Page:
Experimental and computational results on exciton/freecarrier ratio, hot/thermalized carrier diffusion, and linear/nonlinear rate constants affecting scintillator proportionality
Abstract
Models of nonproportional response in scintillators have highlighted the importance of parameters such as branching ratios, carrier thermalization times, diffusion, kinetic order of quenching, associated rate constants, and radius of the electron track. For example, the fraction ηeh of excitations that are free carriers versus excitons was shown by Payne and coworkers to have strong correlation with the shape of electron energy response curves from Comptoncoincidence studies. Rate constants for nonlinear quenching are implicit in almost all models of nonproportionality, and some assumption about track radius must invariably be made if one is to relate linear energy deposition dE/dx to volumebased excitation density n (eh/cm3) in terms of which the rates are defined. Diffusion, affecting timedependent track radius and thus density of excitations, has been implicated as an important factor in nonlinear light yield. Several groups have recently highlighted diffusion of hot electrons in addition to thermalized carriers and excitons in scintillators. However, experimental determination of many of these parameters in the insulating crystals used as scintillators has seemed difficult. Subpicosecond laser techniques including interband z scan light yield, fluencedependent decay time, and transient optical absorption are now yielding experimental values for some of the missing rates and ratios neededmore »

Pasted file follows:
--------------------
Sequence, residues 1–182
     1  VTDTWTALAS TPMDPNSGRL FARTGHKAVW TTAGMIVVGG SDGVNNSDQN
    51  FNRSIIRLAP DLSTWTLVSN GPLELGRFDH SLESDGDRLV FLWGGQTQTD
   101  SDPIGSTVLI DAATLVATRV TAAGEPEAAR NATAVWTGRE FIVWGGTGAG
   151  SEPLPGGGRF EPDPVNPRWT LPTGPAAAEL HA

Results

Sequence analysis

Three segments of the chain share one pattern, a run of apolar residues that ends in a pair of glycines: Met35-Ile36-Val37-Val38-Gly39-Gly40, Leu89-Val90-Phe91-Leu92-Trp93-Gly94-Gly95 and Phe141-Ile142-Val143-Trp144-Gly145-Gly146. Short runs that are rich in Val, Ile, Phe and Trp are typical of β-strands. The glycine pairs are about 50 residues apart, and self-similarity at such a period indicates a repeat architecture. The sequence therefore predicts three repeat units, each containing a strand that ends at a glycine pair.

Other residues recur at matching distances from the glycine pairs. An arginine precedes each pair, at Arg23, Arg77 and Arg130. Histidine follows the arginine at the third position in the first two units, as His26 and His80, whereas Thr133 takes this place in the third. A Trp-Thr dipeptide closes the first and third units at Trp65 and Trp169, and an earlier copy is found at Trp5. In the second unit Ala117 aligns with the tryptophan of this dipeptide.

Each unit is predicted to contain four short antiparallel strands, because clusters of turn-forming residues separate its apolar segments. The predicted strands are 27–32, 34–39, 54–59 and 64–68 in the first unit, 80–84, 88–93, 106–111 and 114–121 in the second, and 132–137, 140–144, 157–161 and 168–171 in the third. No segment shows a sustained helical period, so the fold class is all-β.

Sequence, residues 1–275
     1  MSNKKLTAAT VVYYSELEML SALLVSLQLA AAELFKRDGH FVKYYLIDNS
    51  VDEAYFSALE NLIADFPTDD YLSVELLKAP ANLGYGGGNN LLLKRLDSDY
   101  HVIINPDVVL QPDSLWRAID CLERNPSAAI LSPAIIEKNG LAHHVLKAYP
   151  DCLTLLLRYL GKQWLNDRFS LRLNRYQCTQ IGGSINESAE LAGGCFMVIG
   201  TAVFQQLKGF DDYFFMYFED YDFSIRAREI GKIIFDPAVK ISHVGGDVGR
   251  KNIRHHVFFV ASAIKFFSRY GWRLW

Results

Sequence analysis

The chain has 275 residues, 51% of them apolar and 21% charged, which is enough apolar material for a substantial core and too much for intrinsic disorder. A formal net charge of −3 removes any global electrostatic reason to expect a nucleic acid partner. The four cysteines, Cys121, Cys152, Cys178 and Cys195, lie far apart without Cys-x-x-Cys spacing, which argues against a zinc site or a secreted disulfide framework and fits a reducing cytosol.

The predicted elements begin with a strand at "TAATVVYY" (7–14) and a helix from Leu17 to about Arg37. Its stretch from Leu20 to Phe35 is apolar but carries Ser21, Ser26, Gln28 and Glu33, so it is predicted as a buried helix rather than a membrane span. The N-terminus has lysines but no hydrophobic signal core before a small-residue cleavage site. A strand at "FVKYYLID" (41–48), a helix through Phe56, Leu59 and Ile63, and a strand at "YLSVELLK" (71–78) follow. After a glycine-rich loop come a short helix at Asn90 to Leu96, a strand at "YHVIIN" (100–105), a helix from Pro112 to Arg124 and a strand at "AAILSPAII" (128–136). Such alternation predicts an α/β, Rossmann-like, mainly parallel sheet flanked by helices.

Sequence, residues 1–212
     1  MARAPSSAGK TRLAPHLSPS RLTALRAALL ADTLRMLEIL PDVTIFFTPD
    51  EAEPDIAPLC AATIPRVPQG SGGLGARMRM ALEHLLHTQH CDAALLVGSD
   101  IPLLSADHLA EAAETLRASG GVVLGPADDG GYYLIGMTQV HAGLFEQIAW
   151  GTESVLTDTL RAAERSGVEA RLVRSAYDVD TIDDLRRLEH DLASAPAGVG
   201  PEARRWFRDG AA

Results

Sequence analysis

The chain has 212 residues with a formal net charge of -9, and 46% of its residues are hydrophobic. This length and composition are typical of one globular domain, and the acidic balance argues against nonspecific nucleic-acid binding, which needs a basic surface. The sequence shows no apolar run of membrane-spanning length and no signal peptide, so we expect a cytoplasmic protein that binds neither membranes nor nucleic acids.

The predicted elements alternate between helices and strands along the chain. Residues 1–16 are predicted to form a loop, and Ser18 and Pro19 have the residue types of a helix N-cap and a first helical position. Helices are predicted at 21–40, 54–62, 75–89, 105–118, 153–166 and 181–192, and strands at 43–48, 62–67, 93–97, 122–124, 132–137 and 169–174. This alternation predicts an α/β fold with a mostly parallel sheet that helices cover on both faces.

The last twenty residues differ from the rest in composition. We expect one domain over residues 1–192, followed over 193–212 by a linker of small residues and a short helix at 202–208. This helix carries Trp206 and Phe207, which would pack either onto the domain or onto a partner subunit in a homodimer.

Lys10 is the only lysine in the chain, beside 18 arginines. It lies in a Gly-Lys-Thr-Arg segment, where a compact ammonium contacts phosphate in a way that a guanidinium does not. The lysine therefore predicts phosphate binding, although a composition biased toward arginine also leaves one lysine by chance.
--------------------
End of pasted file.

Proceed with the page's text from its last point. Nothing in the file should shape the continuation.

Authors:
 Publication Date:
 Research Org.:
 Pacific Northwest National Lab. (PNNL), Richland, WA (United States)
 Sponsoring Org.:
 USDOE
 OSTI Identifier:
 1130729
 Report Number(s):
 PNNLSA99335
NN2001000
 DOE Contract Number:
 AC0576RL01830
 Resource Type:
 Conference
 Resource Relation:
 Conference: Hard XRay, GammaRay, and Neutron Detector Physics XV, August 25, 2013, San Diego, California. Proceedings of the SPIE, 8852:Paper No. 88520J
 Country of Publication:
 United States
 Language:
 English
Citation Formats
Williams, Richard, Grim, Joel, Li, Qi, Ucer, K. B., Bizarri, G. A., Kerisit, Sebastien N., Gao, Fei, Bhattacharya, Pijush, Tupitsyn, Eugene, Rowe, Emmanuel, Buliga, Vladimir M., and Burger, Arnold. Experimental and computational results on exciton/freecarrier ratio, hot/thermalized carrier diffusion, and linear/nonlinear rate constants affecting scintillator proportionality. United States: N. p., 2013.